Challenges Await New Vietnamese Leadership

Khmer Times, 28 January 2016


The 12th Party Congress of Vietnam has finally elected top leaders and members of the politburo after years of power struggle between Prime Minister Nguyen Tan Dung and General Secretary Nguyen Phu Trong, making a breakthrough in maintaining unity within the Vietnamese Communist Party, which has suffered disunity and division as a result of unprecedented internal fighting between its two factions.
Mr. Trong was reelected under special condition as Secretary General. According to local media, he will stay in power for one more year to oversee and ensure a smooth power transition within the party and the government.
Mr. Tran Dai Quang was elected President, Mr. Nguyen Xuan Phuc was elected Prime Minister, and Mrs. Nguyen Thi Kim Ngan was elected Speaker of the Parliament. The number of politburo members, the highest decision making body of the party, has increased from 16 to 19. Among them, three are female.
The challenges for the new leadership include sustaining robust economic reforms and international integration, strengthening good governance, and reducing economic inequality and social injustice.
Vietnam has seen about 5.5% GDP growth over the last five years. While the poverty rate in the country was reduced from 29% in 2002 to about 5% in 2015. In 2015, per capita income reached $2,200, making Vietnam a middle-income country.
However, Vietnam needs to deepen reforms to overcome a middle-income trap. It requires gradual transition from labor-intensive and resource-based industry toward a more productivity-driven growth trajectory and a knowledge-based economy.
A study by McKinsey & Company suggests that Vietnam should address investor concerns about inflation, currency stability, and rising interest rates; strengthen productivity and growth-enablers to enhance competitiveness; develop a coordinated, industry-specific government growth agenda and improve government performance to deliver growth agenda.
In addition, Vietnam still faces mounting social and environmental issues and challenges. More measures and resources are required to improve nutrition for the children particularly in rural areas and protect the environment. Solid waste, water pollution, urban pollution, and deforestation are key environmental issues.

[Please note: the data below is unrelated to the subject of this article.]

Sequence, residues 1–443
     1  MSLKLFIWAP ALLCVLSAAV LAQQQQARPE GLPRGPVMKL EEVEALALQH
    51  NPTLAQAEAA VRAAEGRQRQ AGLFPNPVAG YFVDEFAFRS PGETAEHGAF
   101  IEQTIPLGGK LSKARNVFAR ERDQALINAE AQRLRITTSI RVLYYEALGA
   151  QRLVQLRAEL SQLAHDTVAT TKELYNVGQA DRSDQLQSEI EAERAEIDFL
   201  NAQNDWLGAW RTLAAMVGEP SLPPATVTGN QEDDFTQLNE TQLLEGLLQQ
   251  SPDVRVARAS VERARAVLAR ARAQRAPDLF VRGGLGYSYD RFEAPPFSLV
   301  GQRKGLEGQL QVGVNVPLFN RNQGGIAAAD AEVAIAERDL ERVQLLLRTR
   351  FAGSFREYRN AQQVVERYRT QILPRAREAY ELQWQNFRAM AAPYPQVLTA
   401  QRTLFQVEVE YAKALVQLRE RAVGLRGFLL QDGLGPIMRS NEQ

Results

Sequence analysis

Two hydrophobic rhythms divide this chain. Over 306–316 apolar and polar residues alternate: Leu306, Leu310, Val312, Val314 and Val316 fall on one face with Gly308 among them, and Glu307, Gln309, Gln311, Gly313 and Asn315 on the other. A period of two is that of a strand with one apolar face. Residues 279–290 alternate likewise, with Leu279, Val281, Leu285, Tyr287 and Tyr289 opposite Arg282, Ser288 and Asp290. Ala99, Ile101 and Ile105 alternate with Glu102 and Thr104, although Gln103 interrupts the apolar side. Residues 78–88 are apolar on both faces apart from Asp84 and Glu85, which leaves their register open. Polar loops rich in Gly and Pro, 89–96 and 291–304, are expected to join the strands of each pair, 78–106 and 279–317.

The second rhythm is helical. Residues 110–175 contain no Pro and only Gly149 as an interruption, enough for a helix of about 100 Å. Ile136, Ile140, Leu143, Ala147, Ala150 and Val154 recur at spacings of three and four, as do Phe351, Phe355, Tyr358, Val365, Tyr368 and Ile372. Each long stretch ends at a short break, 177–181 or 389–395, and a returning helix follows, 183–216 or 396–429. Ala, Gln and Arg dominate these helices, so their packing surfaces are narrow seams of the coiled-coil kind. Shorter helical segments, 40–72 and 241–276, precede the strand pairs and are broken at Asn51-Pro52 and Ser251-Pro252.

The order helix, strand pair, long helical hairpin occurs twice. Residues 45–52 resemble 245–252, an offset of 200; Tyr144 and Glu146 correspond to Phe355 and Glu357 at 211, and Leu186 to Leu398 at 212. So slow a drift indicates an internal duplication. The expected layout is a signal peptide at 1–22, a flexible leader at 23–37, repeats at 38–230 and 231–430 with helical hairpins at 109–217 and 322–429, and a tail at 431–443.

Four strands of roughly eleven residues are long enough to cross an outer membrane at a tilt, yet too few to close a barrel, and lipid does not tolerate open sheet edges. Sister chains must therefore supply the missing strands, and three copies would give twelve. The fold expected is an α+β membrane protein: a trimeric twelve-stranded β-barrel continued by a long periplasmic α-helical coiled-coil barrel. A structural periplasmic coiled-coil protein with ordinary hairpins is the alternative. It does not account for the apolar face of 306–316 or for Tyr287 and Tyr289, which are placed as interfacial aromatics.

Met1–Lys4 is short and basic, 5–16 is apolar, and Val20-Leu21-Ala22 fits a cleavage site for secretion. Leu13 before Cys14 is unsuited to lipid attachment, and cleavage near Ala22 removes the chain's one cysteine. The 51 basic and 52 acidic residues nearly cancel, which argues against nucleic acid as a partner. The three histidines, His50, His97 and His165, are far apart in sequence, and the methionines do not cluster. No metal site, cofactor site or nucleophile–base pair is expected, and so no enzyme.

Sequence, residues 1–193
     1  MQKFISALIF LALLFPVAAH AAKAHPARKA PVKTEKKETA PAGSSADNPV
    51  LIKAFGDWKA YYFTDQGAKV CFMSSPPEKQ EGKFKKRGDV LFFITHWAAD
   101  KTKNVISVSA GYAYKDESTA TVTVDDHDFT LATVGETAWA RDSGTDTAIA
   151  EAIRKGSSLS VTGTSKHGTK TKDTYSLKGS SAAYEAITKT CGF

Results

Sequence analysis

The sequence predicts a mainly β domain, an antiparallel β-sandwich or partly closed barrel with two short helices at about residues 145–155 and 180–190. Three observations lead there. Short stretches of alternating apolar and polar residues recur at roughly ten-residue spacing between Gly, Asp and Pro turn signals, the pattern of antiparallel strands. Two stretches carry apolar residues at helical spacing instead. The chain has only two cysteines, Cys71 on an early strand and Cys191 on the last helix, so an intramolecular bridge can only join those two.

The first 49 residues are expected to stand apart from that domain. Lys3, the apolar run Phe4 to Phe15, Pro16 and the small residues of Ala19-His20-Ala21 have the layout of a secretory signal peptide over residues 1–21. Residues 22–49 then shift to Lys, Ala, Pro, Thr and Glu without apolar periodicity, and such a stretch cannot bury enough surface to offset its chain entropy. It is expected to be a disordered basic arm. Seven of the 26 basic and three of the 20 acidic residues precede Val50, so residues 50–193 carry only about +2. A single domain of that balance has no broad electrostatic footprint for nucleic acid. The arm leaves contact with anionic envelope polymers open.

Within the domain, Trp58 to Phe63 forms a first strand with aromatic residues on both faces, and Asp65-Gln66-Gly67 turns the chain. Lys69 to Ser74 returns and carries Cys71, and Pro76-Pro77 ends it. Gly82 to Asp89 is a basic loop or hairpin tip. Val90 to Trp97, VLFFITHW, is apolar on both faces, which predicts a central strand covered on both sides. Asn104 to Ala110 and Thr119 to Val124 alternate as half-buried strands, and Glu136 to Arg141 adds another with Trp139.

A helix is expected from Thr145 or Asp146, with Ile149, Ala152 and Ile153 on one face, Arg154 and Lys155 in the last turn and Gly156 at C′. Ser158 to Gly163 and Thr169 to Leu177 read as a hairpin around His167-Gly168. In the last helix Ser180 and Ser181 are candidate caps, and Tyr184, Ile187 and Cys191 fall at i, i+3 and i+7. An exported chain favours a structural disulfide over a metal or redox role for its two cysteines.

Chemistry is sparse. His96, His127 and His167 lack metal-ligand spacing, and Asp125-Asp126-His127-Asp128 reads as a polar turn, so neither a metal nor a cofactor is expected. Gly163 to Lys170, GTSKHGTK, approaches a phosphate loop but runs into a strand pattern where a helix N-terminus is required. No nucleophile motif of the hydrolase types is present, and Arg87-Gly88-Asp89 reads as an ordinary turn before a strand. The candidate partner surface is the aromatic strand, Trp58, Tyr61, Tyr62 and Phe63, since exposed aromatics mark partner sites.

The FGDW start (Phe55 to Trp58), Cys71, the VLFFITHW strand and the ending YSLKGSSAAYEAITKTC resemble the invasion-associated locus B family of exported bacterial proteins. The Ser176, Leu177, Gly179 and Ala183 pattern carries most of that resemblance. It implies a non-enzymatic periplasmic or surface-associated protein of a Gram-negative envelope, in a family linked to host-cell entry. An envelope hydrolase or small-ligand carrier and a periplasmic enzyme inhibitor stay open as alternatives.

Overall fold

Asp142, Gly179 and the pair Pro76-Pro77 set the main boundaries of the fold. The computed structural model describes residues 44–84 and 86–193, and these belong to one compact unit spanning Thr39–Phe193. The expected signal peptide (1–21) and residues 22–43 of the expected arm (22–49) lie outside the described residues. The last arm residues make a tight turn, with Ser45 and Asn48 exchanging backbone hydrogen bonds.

Ethnic minority groups and communities in remote areas are marginalized. Inequality and poverty of vulnerable groups, particularly women and children in rural areas, are main development challenges. Ethnic minority households make up half of the nation’s total poor households, with their average income equaling only one-sixth of the rest of the country’s.
Vietnam needs to develop a holistic social protection policy to support vulnerable groups and ethnic minorities. An inclusive growth and sustainable development model is required to address social and environmental issues.
Insofar as foreign policy, there should be no change in terms of strategy and approach. Vietnam always errs on the side of independence, self-reliance, diversification and multilateralization of relations.
According to Foreign Minister Pham Binh Minh, who was recently voted into the politburo, Vietnam has reached strategic partnership agreements with 15 countries and comprehensive partnership with 10others.
Such diverse partnerships help Vietnam to build political and strategic trust as well as foster cooperation in trade and investment, defense and security, social and cultural ties.  Such partnerships help Vietnam strengthen its leverage on the international stage and deal with challenges concerning territorial sovereignty.
The key challenge for Vietnam is to forge a stable balance of its relations between China and the US. Some foreign observers argue that Mr. Trong is closer to China than Mr. Dung, who is believed to have closer relations with the US.  Therefore, the new leadership of Vietnam will shift in China’s favor.
To understand Vietnam’s foreign policy, we need to look from the angle of a complex interdependence and strategic diversification. More importantly, we need to understand the dynamics of domestic politics. As nationalism in Vietnam is on the rise, Vietnamese leaders will be firm or even more assertive on its maritime claims in the South China Sea. In that case, tension between Vietnam and China in the South China Sea will heighten.

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